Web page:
Mr. Mason pointed out that s. 6 applied only to property held by a congregation solely for its own benefit, and contended that under the Ontario Act of 1900, s. 5, if the congregation ceased to exist, the property would vest in the trustees of the Presbyterian Church in Canada for other purposes than those of the congregation, and that, therefore, not being held in trust solely for its benefit, s. 6 had no application.
Section 5, relied on by Mr. Mason, reads as follows:-
"All lands and premises which have been or shall hereafter at any time be held by any trustee or trustees for any congregation which shall have ceased to exist or has become disorganized shall vest in the said Board of Trustees on trust to sell the same and pay over the proceeds of the said sale to the Treasurer of the said Church for the benefit of the Home Mission scheme thereof or as may be otherwise determined by the General Assembly of the said Church."
This section applies only (a) to a congregation which, at the time of the passing of that Act (April 30, 1900), shall have ceased to exist, and (b) to a congregation which has become disorganized.
The St. Andrew's congregation at Grafton had not, when s. 5 came into effect, ceased to exist, and there is no evidence that at that time it had become disorganised ; and, therefore, in my opinion, s. 5 does not operate on the interests of the congregation in the said property and the same is not subject to the provision of s. 4 unless and until the congregation "at a meeting thereof regularly called for the purpose shall consent that such provision shall apply" to the said property.
On April 5, 1928, at a meeting regularly called by the St. Andrew's congregation at Grafton of the United Church of Canada, it was resolved that the "congregation, pursuant to s. 6 of the said Act " (being 1925 (Ont.), c. 125), " consents that the provisions of s. 4 of the said Act shall apply to the property both real and personal belonging to or held by or in trust for or to the use of the congregation."
Mr. Fraser contended that because of the congregation at Grafton having entered the Union it had lost the power to give the consent contemplated by s. 6. I do not share that view. The body of people who constituted the congregation of the Presbyterian St. Andrew's Church at Grafton continued as a congregation when it entered the United Church, and, subject to the provisions of s. 4, it had the same interest in the property in question when it became a congregation as a part of the United Church as if enjoyed before entering the Union. Further, s. 2(c) of the 1925 Act defines "congregation" as meaning "any . . . . church . . . . or other local unit for purposes of worship in connection . . . . with any of the negotiating churches or of The United Church of Canada." Further, s. 6 entitles a congregation of the negotiating churches or "a congregation received into The United Church after the coming into force of this Act" to consent to the application of the provisions of s. 4 to property belonging to or held in trust for such congregation. I, therefore, am of opinion that the congregation of St. Andrew's Church at Grafton, after entering the Union, was entitled to and did effectually consent to the application of the provisions of s. 4 to the property in question.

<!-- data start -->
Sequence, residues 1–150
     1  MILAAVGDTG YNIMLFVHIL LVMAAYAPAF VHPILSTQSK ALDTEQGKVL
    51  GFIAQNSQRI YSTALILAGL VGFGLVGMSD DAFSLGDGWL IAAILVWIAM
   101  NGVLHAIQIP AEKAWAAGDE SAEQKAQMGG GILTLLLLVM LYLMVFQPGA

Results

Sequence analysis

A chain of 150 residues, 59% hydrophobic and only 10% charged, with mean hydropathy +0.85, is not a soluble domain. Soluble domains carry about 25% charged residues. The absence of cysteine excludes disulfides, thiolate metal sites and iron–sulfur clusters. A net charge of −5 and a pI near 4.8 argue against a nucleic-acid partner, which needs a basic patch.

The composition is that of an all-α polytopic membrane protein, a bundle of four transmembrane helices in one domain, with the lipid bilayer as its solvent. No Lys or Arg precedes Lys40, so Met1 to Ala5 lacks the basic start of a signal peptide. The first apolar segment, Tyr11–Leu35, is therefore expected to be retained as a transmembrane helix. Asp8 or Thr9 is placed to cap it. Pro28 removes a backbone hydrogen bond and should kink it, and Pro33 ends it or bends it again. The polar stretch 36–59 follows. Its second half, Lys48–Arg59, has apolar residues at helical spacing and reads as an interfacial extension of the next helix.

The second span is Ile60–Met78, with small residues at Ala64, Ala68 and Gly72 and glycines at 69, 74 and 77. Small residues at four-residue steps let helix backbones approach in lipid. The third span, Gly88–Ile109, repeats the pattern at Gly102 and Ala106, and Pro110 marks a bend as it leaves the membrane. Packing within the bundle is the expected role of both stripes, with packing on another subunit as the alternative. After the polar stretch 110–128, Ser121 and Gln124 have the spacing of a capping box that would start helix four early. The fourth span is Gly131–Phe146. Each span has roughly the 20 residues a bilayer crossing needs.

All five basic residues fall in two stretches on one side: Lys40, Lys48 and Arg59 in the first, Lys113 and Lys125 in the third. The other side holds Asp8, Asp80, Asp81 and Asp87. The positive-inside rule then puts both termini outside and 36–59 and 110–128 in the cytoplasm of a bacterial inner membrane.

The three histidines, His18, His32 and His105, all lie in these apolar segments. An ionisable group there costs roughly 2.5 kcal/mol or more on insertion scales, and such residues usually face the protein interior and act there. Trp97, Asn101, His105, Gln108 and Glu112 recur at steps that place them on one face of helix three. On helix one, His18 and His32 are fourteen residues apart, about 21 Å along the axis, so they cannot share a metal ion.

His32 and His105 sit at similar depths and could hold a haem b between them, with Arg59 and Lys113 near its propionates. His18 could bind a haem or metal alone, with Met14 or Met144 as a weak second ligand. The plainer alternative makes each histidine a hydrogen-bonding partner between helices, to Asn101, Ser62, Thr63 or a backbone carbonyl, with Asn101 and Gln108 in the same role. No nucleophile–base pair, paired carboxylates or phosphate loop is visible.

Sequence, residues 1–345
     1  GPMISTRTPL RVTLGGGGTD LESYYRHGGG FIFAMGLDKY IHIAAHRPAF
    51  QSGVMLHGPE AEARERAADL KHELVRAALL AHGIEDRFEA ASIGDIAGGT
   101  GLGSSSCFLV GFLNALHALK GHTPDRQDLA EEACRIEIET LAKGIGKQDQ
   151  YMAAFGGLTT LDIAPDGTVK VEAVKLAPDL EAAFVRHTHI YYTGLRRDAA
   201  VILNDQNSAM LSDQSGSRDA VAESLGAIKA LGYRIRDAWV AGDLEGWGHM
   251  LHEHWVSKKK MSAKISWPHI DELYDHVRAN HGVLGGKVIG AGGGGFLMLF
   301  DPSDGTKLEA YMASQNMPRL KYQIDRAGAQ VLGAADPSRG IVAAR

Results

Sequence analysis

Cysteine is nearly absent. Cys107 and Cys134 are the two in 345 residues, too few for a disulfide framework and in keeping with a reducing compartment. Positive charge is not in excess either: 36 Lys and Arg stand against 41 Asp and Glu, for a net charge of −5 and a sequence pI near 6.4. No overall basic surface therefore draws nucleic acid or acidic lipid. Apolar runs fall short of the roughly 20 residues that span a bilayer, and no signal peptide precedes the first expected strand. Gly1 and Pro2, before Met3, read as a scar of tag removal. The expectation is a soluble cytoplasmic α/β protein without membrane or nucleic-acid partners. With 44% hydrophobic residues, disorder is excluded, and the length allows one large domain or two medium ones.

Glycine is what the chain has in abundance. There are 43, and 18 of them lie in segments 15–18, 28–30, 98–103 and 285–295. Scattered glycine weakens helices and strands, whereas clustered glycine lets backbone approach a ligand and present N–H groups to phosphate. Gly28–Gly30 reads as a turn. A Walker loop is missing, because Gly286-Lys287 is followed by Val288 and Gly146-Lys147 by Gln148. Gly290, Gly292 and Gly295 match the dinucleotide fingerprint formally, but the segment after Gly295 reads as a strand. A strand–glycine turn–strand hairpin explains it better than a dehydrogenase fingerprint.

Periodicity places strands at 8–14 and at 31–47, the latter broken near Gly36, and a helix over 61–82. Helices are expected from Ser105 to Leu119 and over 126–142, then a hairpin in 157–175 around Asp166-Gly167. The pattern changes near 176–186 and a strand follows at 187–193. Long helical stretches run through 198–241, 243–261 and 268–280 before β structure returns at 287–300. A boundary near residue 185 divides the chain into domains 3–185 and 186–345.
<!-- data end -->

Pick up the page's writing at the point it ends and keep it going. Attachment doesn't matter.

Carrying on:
There remains to consider the effect of the 1925 Act in respect of the property in question.
Section 4 requires it to be held for the benefit of what was formerly the congregation of the Presbyterian Church of St. Andrew's at Grafton, but which is now a congregation as part of the United Church upon the trusts and subject to the terms of Schedule A. (the model deed).
Section 17 declares that any trust in respect of such property prior to the coming into effect of the Act "shall continue to exist and to be performed as nearly as may be far the like purposes or objects in connection with The United Church as The United Church may determine, and anything done in pursuance of the Act of Incorporation or of this Act shall not be deemed to be a breach of any such trust, but shall be deemed to be in compliance therewith and a performance thereof, and the entry of any congregation into The United Church shall not be deemed a change of its adherence or principles or doctrines or religious standards within the meaning of any such trust." Under this section the original trusts are to be performed as nearly as may be for the like purposes and objects in connection with the United Church as that church shall determine, and, so performed, the performance shall not be deemed a breach of trust but a compliance therewith. Thus, this legislation having vested in the United Church the power of determining how the trusts are to be performed, and having provided that what is done in pursuance of the legislation in question shall not be deemed a breach of trust, but on the contrary shall be deemed to be a compliance therewith, this Court has no jurisdiction to grant the relief asked; and the appeal should be dismissed with costs.